Delaware Education Code For Homeschooling
Homeschooling laws can change, so be sure to check the Delaware Department of Education website for updates.
Are you ready to start homeschooling in Delaware? You may have many questions about topics like what you need to do to begin, what reporting and testing is required, and how you need to interact with your local school district. You will want to start by understanding Delaware homeschool law. You may feel overwhelmed as you start this process, but there are resources available and other homeschoolers who have already succeeded on this adventure!
Here is some information on Delaware homeschool requirements to get you started:
Delaware Homeschool Law
Based on Delaware Education Law, and according to the Delaware Department of Education, “If you live in Delaware and your child(ren) is/are between the ages of 5 (by August 31st of the school year) and 18 [unless over the age of 16 and withdrawn with parent consent and completion of an exit interview], your child(ren) must be enrolled in a public or nonpublic (private or homeschool) school. This is due to compulsory attendance laws in Delaware.” (Delaware law, 14 Del.C. § 2702).
In Delaware, there are two main types of homeschool:
- Single-family homeschool: “the education of one’s own child(ren) primarily by the parent(s) or legal guardian(s) of such child(ren) mainly in their own residence.”
- Multi-family homeschool: “the education of children, primarily by the parents(s) or legal guardian(s) of such children mainly in one or several residences, or other facilities, when such children are not all related to each other as brother or sister. A person shall act as a liaison to the Department of Education for reporting enrollment and attendance information for all families involved.”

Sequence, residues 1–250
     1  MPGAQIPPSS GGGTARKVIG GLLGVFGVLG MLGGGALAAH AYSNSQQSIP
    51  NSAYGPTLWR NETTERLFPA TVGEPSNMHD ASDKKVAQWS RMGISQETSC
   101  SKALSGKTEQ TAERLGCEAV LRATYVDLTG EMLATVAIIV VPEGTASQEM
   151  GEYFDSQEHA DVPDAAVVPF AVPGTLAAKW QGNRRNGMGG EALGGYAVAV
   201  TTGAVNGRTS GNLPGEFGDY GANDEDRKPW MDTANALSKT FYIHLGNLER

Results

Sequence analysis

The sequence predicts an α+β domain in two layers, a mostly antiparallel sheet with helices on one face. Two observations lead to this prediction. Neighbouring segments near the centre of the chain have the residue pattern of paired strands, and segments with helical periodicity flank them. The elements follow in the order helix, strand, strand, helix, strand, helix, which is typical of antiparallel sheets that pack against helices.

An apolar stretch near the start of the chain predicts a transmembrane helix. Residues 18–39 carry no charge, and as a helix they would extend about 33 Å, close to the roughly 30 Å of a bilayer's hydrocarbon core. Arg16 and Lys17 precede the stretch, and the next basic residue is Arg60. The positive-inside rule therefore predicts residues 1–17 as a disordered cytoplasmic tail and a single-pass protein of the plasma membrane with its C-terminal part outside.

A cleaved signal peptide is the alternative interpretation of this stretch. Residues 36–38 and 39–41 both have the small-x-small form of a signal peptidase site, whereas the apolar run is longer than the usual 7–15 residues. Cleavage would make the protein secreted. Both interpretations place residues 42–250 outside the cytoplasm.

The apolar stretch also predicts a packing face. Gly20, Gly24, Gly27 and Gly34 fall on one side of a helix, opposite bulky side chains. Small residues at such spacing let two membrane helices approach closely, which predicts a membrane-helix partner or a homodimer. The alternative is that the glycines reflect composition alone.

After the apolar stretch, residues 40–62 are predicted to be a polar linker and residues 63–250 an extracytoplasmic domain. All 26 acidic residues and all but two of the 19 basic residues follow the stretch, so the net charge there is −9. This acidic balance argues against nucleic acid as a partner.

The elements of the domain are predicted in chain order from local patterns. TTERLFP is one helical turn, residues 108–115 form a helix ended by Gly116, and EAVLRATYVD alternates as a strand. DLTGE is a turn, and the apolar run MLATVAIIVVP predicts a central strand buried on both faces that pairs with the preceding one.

Both are considered a nonpublic school and must be registered with the Department of Education. To remain open, a homeschool must report annual enrollment and attendance. You must either enroll your own children in your single-family homeschool or contact the liaison of a multi-family homeschool. Once your child is enrolled in a homeschool, you must withdraw your child from the public school or other nonpublic school.
According to the Delaware Department of Education, the Department of Education does not provide or recommend a curriculum, keep any student records, or ensure that post-secondary organizations will accept records or a diploma from your homeschool. You will be responsible for courses, coursework, materials, and supplies.